The Answer by the Lake: Faith in Nuclear Disarmament

By: Jonathan Frerichs

August 24, 2020

Keeping Faith in Nuclear Disarmament

How does one “keep faith” and “maintain hope” 75 years after Hiroshima and Nagasaki? There’s a good answer on a monument near Lake Geneva in Switzerland. It’s just down the hill from the Palais des Nations, the site of tenuous triumphs in nuclear affairs and gross malfeasances too. But the answer isn’t trapped between nuclear rivals at the Conference on Disarmament or the Non-Proliferation Treaty. Those forums meet year after year, as if in chains. The answer by the lake is an inspiring invitation to freedom and the hope of peace.

On ne me vole pas ma vie, je la donne” (No one takes my life, I give it), the inscription says. It’s on a monument to the first director of the International Labor Organization, a man named Albert Thomas. 

Ninety years later the witness is wearing well. With agencies addressing labor, health, human rights, refugees, humanitarian affairs and, yes, disarmament, Geneva hosts the human face of the United Nations. The International Committee of the Red Cross, the World Council of Churches, and other global associations committed to peace fill out the picture. Amid these multilateral institutions, Monsieur Thomas’ testament is that we give of our lives in the service of others. 

I hear prophecy in the inscription: Martin Luther King, Mahatma Gandhi, and Susan B. Anthony, to name a few. As a Christian, I also hear Jesus. He gave his life for the good of others. He invites others to follow him and give of their lives in the service of peace. 

At this juncture in history, it is clear that more of us must give of ourselves. Millions of lives are held at risk by the subject here, nuclear weapons. We will be able to delegitimize nuclear weapons and eliminate nuclear arsenals only when critical masses of people give of their lives in coordinated actions to achieve this global common good. Yet there are signs of hope right now in the progress by states and civil society to outlaw nuclear weapons via the Treaty on the Prohibition of Nuclear Weapons.

There is also no shortage of inspiration and wisdom. I am struck by teachings of Jesus 2,000 years ago that have implications for nuclear disarmament advocacy today. One example is this promise: You will know the truth and the truth will make you free. It inspires and sustains people who struggle for justice on many issues, including for a nuclear-free world. 

More specifically, new truth to free us from nuclear weapons has been revealed in recent years by evidence-based re-evaluations of their destructive impact. This is the core of the humanitarian initiative against nuclear weapons which achieved a milestone in 2017 with the new ban treaty and the Nobel Peace Prize. At the Vatican Conference that November, Pope Francis spoke the truth about the possession and use of nuclear weapons in ways that are helping to make us free. 

Shortly before the negotiations to ban nuclear weapons, I asked an official from a nuclear power about their reaction to the new evidence about the catastrophic humanitarian consequences of nuclear weapons. “All this is well-known,” came the reply. Unfortunately, that was not true. New findings about the gendered impacts of nuclear explosions are sufficient, on their own, to disqualify standard assessments of casualties from nuclear weapons. The official shrugged as he spoke, as if successful evasions of the truth in the past had somehow also rendered any new evidence immaterial. The comment was especially telling in that none of the nine nuclear powers found the courage to negotiate the new treaty. If knowing the truth about nuclear weapons sets one free to get rid of them, denying the truth binds one ever closer to them—through delusion, dishonesty, and fear.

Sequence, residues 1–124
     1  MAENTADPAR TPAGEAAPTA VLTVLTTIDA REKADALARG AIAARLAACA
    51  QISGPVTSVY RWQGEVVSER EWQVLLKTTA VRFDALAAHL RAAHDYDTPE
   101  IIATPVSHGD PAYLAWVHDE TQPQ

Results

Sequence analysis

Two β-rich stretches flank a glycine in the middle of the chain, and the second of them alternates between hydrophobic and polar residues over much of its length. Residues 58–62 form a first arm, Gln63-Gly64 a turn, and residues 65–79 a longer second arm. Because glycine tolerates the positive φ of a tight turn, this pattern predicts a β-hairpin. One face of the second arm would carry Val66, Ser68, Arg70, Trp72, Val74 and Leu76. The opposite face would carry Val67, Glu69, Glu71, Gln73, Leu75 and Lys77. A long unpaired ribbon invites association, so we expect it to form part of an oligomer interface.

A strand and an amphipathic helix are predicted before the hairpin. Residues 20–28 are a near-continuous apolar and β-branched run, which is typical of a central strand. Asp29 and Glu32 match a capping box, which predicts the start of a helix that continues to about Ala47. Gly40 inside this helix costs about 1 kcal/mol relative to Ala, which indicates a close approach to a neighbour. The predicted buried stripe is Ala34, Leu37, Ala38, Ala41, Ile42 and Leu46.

Indeed, the good news during these 75 years of unthinkable threats is that most governments have not given in to the temptation to become destroyers of the world we all share. Most national leaders and most citizens do not accept that nukes are necessary for their or their country’s survival.

When it comes to knowing “nuclear” truth, survivors of the atomic bombings are the most compelling witnesses. They have lived the truth about nuclear weapons and survived. They have found the courage to speak the truth despite all odds. 

The terrible weapons that were used so furtively against Hiroshima and Nagasaki – and at such pains to avoid honesty and accountability – are faring no better under their nine owners today. To possess nuclear weapons is to be possessed by nuclear weapons. That possession manifests itself in what South Africa’s diplomats describe as nuclear apartheid. In a nuclear regime the opposites of justice, participation, and sustainability prevail. Its operating principles feature private logic, exclude the rights of other nations, demand self-centered superiority, and denigrate potential enemies. The nuclear regime depends on the bizarre belief that the mutually assured destruction of you and your enemies is a viable strategy for your own security. Choices first made with Hiroshima and Nagasaki have grown, decade after decade, into arsenals on continuous high-alert, poised to commit instant genocide—target city by target city. What is more, the nuclear postures of the United States and Russia demand the capacity, and require the will, to end life on Earth as we know it. 

There is no choice but to end the nuclear regime. What can we offer in faith? The will to give our lives, a commitment to things that make for peace, the conviction that we will know the truth and the truth will make us free, and much, much more.

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